When people first start to practice and hear teachers tell yogis to lock their knee, a variety of thoughts pop into their head:
“No way! My coach told me to always keep the knees bent!”
“No way! My drill sergeant (or choral teacher or minister) told me I’d pass out if I locked my knees!”
“No way! That will hurt!”
Every one of these answers is a legitimate response. The key to locking your knee is knowing HOW to lock your knees and how to NOT lock your knees. There’s a big difference.
When you hyperextend your knee, the weight of your body is on the heel of the foot and the knee joint is pushed beyond the natural alignment of the leg (see image to the left).
Obviously, the leg on the left is positioned beyond where it should be; the leg on the right is in better alignment.
Let’s further examine each of the poses in the balancing series to discuss the best way to achieve proper knee alignment in each. (Hint: There’s one pose in the balancing series that’s easier than the rest to maintain a locked knee!)
Compare these two Standing Bow images:
Initially the image to the right looks like a fairly impressive standing bow. But upon closer inspection, you can see that this yogi’s standing leg is hyperextended—she is out of alignment.
Over time, this leads to over stretching, tearing of ligaments and tendons, and grinding of bone. In fact, this person, after years of holding the pose like this, suffered a torn meniscus in one of her knees!
Take a look at the image on the bottom right. Can you see the difference?
Can you see how this yogi’s standing leg is strong and her quadriceps and inner thigh are engaged?
Can you see how the weight on her foot is equally distributed and she is not leaning too far back into the heel or to the outside of the foot? This is the locked knee you are striving for!
It’s easiest to hyperextend the knee in Standing Head to Knee and Standing Bow because it takes strength to create the counterbalance necessary to stay in alignment.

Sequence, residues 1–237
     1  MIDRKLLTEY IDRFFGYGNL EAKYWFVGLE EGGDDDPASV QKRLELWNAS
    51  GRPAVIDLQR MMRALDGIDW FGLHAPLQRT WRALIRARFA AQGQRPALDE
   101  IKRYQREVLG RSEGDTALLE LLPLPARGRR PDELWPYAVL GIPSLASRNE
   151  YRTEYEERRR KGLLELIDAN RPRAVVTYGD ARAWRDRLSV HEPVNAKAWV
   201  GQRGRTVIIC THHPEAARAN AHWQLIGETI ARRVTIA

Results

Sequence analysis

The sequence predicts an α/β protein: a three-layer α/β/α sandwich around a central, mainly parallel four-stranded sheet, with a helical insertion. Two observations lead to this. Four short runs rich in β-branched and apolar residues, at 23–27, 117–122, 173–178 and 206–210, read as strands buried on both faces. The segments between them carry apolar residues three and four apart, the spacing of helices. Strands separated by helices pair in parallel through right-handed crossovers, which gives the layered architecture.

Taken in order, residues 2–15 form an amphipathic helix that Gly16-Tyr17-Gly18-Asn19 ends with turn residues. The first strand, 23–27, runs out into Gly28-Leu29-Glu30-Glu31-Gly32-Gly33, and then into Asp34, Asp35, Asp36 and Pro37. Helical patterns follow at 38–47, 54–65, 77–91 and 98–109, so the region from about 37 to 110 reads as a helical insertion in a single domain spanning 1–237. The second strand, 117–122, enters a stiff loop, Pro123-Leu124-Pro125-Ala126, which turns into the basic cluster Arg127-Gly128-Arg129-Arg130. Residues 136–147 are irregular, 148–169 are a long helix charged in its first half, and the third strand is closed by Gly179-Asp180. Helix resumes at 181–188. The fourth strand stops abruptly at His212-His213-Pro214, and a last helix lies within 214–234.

In Standing Head to Knee, be mindful of the weight on your heel. When you grab your foot and start the pose, think UP and immediately contract your quads and engage your inner thighs to keep your leg in alignment. This will take practice.
Then when you kick out, be mindful of the weight on your heel and in the back of your knee. If you feel your weight dropping back, kick forward more! The action of kicking forward in combination with a strong standing leg will keep you in alignment.
And keep your stomach sucked in! See how the abdominal muscles are engaged in the photo at the top of the page? Your core strength will help with balance and alignment!
In Standing Bow, again it’s all about the strength of the standing leg, but it’s also about kicking and stretching—they are equal and simultaneous, 50-50—ever hear that before?
By really reaching forward with the extending arm and kicking with your lifted leg, you will keep the weight in your standing leg more evenly distributed. It all works together!
The Balancing Stick posture is the easiest of the three balancing poses to keep your leg in alignment—why? Because your standing leg is like the fulcrum of a teeter totter—the weight is, more or less, more equally distributed across the plane of your body.
But that doesn’t mean you can relax in this posture—keep your leg engaged and keep stretching forward and backward—stretch, stretch stretch!
None of this is easy. It takes a lot of practice and just when it seems you’ve got it down, your leg will relax, you’ll lose your hard-earned balance, or something will happen and you’ll fall out. Not to worry, just keep trying.
And if you want to see what your balancing legs look like—let our teachers know—they are happy to take some time before or after class get your photo while you’re in the postures!
Remember the key is to Lock the Knee AND Stay in Alignment!